The original rock garden was a granite outcrop in front of the barn, around which lots of chives had seeded themselves. On the rock itself, two varieties of sedum dragon’s blood and gold acre, persisted from some long forgotten gardening foray.
Last spring, I pulled out chives and encroaching lawn grass and added creeping phlox, creeping thyme and a clump of the fine autumn-blooming Sedum sieboldii. These were purchased at a nursery. More importantly, I added a great many native species. (I suppose creeping phlox is native in some sense.) From the ditch along the farm road, where the local blue-eyed grass (Sisyrinchium montanum) was abundant, I dug up a few clumps of this little iris relative and planted them in a deep crack in the rock. From the dry hill behind the barn, I collected some offsets of field pussytoes (Antennaria neglecta) and added them to an area of shallow soil where they immediately began to spread vigourously.
From seed I had collected in the wild the previous summer, I had quite a few tiny plants of early saxifrage and pale corydalis. They were hardly bigger than dimes and yet they grew strongly when planted in tiny pockets of soil on the rock outcrop. The exceptionally wet summer we had in 2013 certainly helped them get established. I also planted seedlings of hairy beardtongue (Penstemon hirsutus) and harebell (Campanula rotundifolia), which I had grown from wild-collected seeds.
This natural rock outcrop in front of the barn had long been planted with chives (many, many self-seeded chives), dragon’s blood sedum and a small patch of gold acre sedum. Last year I started its transformation into a native plant garden by taking out some of the chives and adding field pussytoes, early saxifrage, hairy penstemon, harebells, blue-eyed grass and pale corydalis. I also added a clump of the non-native Sedum sieboldiana for some autumn bloom.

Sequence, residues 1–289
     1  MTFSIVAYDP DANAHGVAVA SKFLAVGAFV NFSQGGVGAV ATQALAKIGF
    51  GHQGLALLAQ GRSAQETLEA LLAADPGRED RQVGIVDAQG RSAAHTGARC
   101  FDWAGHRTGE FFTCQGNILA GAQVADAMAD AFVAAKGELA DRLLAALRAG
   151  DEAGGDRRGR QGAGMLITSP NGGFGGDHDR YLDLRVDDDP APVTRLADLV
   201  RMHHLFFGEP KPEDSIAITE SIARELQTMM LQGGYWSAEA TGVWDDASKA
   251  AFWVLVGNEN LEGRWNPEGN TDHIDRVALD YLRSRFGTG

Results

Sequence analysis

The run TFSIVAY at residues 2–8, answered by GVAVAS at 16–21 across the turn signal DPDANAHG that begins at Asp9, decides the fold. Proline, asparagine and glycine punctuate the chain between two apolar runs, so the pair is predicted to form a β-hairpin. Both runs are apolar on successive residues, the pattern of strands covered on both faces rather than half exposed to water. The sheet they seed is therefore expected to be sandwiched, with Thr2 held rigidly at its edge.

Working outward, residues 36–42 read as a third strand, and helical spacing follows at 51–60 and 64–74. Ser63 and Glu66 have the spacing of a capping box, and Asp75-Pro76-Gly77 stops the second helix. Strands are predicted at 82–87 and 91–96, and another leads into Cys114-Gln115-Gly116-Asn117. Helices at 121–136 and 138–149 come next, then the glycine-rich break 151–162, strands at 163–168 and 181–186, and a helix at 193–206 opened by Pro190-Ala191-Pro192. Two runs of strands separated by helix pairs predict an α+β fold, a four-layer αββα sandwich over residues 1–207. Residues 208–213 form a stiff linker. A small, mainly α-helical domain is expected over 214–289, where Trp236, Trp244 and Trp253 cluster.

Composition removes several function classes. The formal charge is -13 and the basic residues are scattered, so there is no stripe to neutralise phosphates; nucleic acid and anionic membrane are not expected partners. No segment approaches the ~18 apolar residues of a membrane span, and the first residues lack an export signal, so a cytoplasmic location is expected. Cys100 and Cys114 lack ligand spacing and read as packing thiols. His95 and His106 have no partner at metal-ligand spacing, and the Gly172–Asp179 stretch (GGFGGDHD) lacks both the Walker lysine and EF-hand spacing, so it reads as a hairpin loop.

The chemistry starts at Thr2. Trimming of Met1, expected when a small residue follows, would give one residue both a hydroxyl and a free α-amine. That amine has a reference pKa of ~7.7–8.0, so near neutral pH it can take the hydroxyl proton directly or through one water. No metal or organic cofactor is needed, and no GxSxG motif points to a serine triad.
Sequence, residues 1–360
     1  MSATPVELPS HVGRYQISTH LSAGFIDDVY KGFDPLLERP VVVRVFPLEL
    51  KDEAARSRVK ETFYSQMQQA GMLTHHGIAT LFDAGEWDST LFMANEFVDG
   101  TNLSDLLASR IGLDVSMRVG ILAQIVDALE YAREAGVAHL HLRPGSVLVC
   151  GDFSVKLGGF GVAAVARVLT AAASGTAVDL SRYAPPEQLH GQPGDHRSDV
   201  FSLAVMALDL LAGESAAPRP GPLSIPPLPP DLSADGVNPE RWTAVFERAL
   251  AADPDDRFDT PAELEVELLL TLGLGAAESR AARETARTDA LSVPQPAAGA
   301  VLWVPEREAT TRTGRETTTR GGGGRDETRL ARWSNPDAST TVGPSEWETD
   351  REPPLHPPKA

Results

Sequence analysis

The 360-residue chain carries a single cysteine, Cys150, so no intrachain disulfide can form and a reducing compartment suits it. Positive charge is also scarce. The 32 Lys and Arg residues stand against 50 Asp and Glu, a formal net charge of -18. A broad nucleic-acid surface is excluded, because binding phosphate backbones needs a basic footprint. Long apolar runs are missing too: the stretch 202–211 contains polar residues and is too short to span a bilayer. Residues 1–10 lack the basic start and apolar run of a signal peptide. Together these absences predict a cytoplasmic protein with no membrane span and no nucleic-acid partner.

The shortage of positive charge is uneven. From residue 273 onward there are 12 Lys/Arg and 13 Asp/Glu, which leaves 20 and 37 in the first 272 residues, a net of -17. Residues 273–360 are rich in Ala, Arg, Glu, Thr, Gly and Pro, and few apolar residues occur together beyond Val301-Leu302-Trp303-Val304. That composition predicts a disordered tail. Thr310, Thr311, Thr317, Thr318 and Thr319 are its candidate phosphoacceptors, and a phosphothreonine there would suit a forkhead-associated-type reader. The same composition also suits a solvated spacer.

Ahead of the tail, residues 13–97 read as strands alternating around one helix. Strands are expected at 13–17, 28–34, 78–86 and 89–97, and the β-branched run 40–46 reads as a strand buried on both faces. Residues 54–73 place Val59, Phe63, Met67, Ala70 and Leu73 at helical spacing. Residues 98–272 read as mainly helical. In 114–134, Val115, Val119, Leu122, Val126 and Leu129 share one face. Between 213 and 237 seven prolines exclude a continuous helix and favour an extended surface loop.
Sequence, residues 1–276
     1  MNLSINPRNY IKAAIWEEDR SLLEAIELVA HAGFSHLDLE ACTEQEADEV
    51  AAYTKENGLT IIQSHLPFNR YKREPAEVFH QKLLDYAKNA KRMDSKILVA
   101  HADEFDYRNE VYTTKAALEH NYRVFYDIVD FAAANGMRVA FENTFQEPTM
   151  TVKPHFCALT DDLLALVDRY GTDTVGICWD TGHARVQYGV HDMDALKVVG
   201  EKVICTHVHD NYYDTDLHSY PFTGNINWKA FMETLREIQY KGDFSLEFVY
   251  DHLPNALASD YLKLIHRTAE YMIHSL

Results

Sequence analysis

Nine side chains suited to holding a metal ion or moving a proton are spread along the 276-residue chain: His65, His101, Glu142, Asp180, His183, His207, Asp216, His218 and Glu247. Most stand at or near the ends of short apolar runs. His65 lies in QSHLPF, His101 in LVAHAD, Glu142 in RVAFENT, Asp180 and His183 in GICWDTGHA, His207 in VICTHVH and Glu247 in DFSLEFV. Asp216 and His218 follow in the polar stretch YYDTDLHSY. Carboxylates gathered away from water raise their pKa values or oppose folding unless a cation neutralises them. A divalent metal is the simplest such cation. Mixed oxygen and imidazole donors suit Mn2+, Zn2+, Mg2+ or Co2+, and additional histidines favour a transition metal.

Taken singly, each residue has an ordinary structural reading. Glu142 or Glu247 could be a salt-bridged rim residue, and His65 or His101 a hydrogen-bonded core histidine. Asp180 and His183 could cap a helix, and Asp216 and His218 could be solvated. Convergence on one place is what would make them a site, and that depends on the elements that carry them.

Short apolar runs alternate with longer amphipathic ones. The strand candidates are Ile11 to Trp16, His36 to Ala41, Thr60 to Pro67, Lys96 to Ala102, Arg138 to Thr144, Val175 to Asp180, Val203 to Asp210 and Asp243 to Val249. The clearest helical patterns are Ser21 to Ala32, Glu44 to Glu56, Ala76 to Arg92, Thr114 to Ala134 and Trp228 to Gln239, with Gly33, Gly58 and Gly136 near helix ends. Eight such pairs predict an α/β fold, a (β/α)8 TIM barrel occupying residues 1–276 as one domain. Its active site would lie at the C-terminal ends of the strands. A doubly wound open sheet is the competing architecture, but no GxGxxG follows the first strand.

I know gold acre sedum is an invasive but it seems to be a problem on limey soils. I have never seen it move onto granite outcrops. It is not something I would choose to plant but it doesn’t seem necessary to remove the patch we have.
The new plantings grew so well, and the pussytoes and early saxifrge looked so great this spring. that I was inspired to extend the garden so that I could add more native species. Removing the sod between the two outcrops was heavy work. Planting the little wild flowers was the fun part. I have not yet filled up all the space, which is exciting. Room for some new things as I find sources for them!
The baby plants in the picture include wild lupines, nodding prairie onion, pale penstemon, goat’s rue and the lovely non-native flower called gas plant, Dictamnus. I have some bluets, some bird’s foot violets, and some cardinal flower to add as soon as they get large enough to plant out. I was hoping to have some ziggy, or white camas, but my attempt to grow it from seed went askew. It seems when ziggy seedlings go wrong they turn into timothy grass. Who knew?